It was fortunate that I could ski faster than my friend Mark Tokarski, because, like a 200-pound mosquito in a red stocking cap, he was pursuing me, belting out this incredibly annoying whining sound: "YEEEEENNNNGGGHHHH." Foolishly, as we shushed along cross-country trails on the Bitterroot Divide, I had commented what a rare pleasure it was to hear the sound of snow plop from over-laden pine branches, rather than the whine of snowmobiles.
"Do you want me
to make that noise, so you feel at home?" Tokarski asked, and
without waiting for a reply, launched into his impression of a
snowmobile engine. I rewarded him at the top of the pass with a
Regrettably, real snow
machines are not so easily dealt with. Advocates claim snowmobile
use in Montana went up 73 percent in the last decade, and U.S.
sales doubled between 1992 and 1996. Powerful new machines, no
longer prone to sinking in deep powder, go virtually anywhere there
is snow cover - even areas that are officially closed to
Snow machines are not
entirely a bad thing, I sometimes reflect. I wholeheartedly support
recreational use of our public lands, and folks ought to enjoy the
great outdoors in winter. As the International Snowmobile Industry
Association once commented, "The sport of snowmobiling has acted
... to greatly mollify the sedentary nature of winter activities."
I'm sensitive to the charge that
environmentalists want to lock up the West and make it into some
kind of huge, empty preserve where, clad in polar fleece, we can
freely seek hot springs, quaint cappuccino shops and a mate with
the right kind of trust fund. Still, I believe we could do worse to
the West; we could turn it into a 50-million-acre amusement park
with a Wall Drug in every town, jetboats on every river, and
snowmobiles on every mountain.
For a glimpse of
this nightmare, take Wallace, Idaho. At first glance, it looks like
just another small town on I-90. But it is much more, or much less,
depending on your perspective. The town's boosters tout Wallace as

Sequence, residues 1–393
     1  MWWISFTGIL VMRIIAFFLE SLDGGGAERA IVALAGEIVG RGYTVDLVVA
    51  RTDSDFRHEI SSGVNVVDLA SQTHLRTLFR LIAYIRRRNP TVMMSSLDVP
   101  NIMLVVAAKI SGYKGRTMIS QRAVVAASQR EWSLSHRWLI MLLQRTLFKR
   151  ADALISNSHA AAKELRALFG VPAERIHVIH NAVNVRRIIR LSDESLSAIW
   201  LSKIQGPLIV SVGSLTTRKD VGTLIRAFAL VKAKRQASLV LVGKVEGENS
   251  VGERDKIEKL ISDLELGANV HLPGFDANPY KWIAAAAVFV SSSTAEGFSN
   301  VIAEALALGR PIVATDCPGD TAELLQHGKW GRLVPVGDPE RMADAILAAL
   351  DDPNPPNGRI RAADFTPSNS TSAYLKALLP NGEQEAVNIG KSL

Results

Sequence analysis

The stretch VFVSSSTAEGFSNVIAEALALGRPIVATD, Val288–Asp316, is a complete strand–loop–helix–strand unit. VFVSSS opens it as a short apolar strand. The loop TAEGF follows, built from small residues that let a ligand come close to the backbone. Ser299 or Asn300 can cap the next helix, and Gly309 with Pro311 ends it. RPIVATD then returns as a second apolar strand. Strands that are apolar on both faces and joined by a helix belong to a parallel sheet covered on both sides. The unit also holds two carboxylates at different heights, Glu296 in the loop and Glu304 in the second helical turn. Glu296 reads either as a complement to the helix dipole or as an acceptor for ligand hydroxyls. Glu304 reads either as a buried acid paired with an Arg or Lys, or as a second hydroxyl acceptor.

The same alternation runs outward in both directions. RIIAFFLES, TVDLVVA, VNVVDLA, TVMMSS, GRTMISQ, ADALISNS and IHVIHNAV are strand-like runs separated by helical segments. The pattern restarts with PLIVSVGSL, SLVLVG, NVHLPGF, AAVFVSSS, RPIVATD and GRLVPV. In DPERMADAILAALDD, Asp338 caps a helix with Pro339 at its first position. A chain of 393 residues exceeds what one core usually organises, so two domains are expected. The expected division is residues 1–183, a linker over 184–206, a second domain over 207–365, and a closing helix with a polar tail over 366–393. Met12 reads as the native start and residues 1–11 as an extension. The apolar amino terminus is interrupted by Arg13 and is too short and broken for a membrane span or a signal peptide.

"the world's largest snowmobile destination," featuring 1,000 miles
of ATV trails. Silver Country Inc., a local public relations firm,
describes the area as "the Waikiki of the 21st century ... a
recreation preserve ... the world's largest Eco-Disneyland."
"Picture yourself going back
to a time straight out of a Clint Eastwood Western," the company
says in one brochure. "Where horses were tied up in front of the
saloon, now parking is reserved for Arctic Cats, Yamahas and Ski
Doos ... From Lookout Pass you can open up the throttle on a
55-mile loop deep into the Montana wilds, and right up to the front
of Old West casinos."
suggests, is making your own rules and conquering the backcountry
without ever getting off your butt. Driving a machine through
America's last wildlands is a shorthand claim to outdoor skills,
self-reliance and other frontier virtues. Instead of spending a
lifetime in the woods, now all it takes to become Jim Bridger is
the money to rent a Yamaha Wolverine 4x4.
technology is allowing snowmobiles and ATVs to invade territory
they couldn't get to in the past. Sales are also up. Trail-legal
ATVs that go 60 miles-per-hour now outsell street motorcycles, and
snowmobile sales are soaring.
If the ORV/theme
park experience were simply one choice of many available in the
West, its rise would be less disturbing. Unlike hikers, hunters,
equestrians and others who prefer "quiet trails," however, ORVs do
not complement existing use, they replace it. In a 1994 University
of Montana survey, 91 percent of trail hikers said walking is
incompatable with motorcycles, and three quarters of cross-country
skiers couldn't stomach the presence of
Yet the state of Montana spends
nearly $1 million a year promoting ATV and snowmobile use, and an
astonishing 58 percent of national forest trails in Montana are
open to some type of motorized vehicle.
are acting out our national myths astride snowmobiles, if we accept
that driving an incredibly pollutive machine through the last
wildlands of the lower 48 is "freedom," then we are dooming
ourselves and our children to a future as consumptive,
insubstantial and debilitatingly mindless as those very
In the same way that sharing a family
meal is more rewarding than eating a TV dinner, real engagement
with nature yields unexpected benefits. Hiking and skiing the
Bitterroots, one may learn, over time, patience and strength,
caution and confidence, and the satisfaction of accomplishing
difficult physical tasks. One has the opportunity to surprise a
bear, smell the vanilla odor of Ponderosa bark, learn how to handle
a canoe or quarter an elk.
These rewards are
neither instant nor guaranteed, but they have been an invaluable
part of human experience from time immemorial. We are fools to
throw them away for a blaze of adrenaline and a haze of blue
John Adams lives in